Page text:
This is one of those dishes that just makes you feel good. It’s easy to prepare, tastes fantastic, and it fills your home with an awesome aroma while it’s cooking. This recipe is great for any time of year, but I especially love it during the fall and winter. Plus, how can you go wrong with Guinness? If you’re not a beer lover, we can’t be friends you should try this anyway. The taste isn’t overwhelming, and it helps to produce that tender, fall-off-the-bone meat. Your family and friends will rave about this one.
- 4 pounds of beef short ribs (a little more or a little less is okay)
- 4 bay leaves
- 3 Tbsp olive oil (just eye-ball it)
- 2 (14.9 ounce) cans of Guinness stout beer
- 1 Tbsp dried minced onion (or 1 whole chopped raw onion)
- 1 Tbsp minced garlic
- 1 Tbsp parsley flakes
- sea salt
- freshly ground black pepper
- Drizzle olive oil in a dutch oven (or other heavy bottomed pan) and heat on medium-high.
- Add minced onion and minced garlic to the pot and stir until fragrant.
- Place the short ribs in the pot, sprinkle with sea salt, and brown on all sides.
- Add the 2 cans of Guinness and stir, making sure to scrape the bottom of the pot to loosen any browned bits.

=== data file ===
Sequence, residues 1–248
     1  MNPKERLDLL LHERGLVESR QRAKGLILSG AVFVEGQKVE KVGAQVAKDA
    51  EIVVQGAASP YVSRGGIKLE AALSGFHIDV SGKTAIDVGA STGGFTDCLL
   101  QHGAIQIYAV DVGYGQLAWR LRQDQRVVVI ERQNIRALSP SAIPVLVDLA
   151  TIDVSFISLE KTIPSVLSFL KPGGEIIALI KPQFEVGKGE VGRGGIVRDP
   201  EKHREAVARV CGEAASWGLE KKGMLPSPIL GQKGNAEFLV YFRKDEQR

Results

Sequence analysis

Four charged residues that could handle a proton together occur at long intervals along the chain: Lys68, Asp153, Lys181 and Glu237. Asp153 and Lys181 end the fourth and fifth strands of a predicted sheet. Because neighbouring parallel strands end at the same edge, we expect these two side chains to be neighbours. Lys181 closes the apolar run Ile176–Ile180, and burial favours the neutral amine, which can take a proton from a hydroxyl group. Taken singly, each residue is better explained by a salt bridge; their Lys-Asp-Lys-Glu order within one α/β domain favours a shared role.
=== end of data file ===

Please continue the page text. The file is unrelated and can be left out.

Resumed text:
- Add bay leaves, parsley, sprinkle with black pepper and stir.
- Raise the heat and bring to a boil, then lower the heat to a simmer and cover the pot tightly.
- Check the pot after about 10 or 15 minutes to make sure it’s still simmering and not boiling.
- Simmer for 3 hours.
When this is finished cooking, the meat will be fork tender, and you can pull the bones right out. I like to serve mine with either mashed potatoes or red potatoes and baby carrots. This can even be turned into a stew. That will definitely have to be a future blog post.
If you choose to make red potatoes and baby carrots, you can add them right
in with the meat, but be warned, they really soak up the beer flavor. If you don’t want strong stout-tasting vegetables, I would make these separately.
You may notice that in almost every recipe that calls for onion, I use dried, minced onion. There is a method to my madness. The dear Fella doesn’t care for onion texture, but he likes the flavor. Dried, minced onion allows for that nice onion flavor without the big chunks of onion. If you would rather use raw onion, you certainly may. If you choose to do so, add one medium to large chopped onion to your pot instead of the dried. Also, I use refrigerated minced garlic. I buy a huge tub of this at Sam’s. It lasts practically forever, and it’s always there when I need it. Plus, no garlic fingers. 😉
I hope you try this and love it. Feel free to comment with your thoughts, questions, or ideas.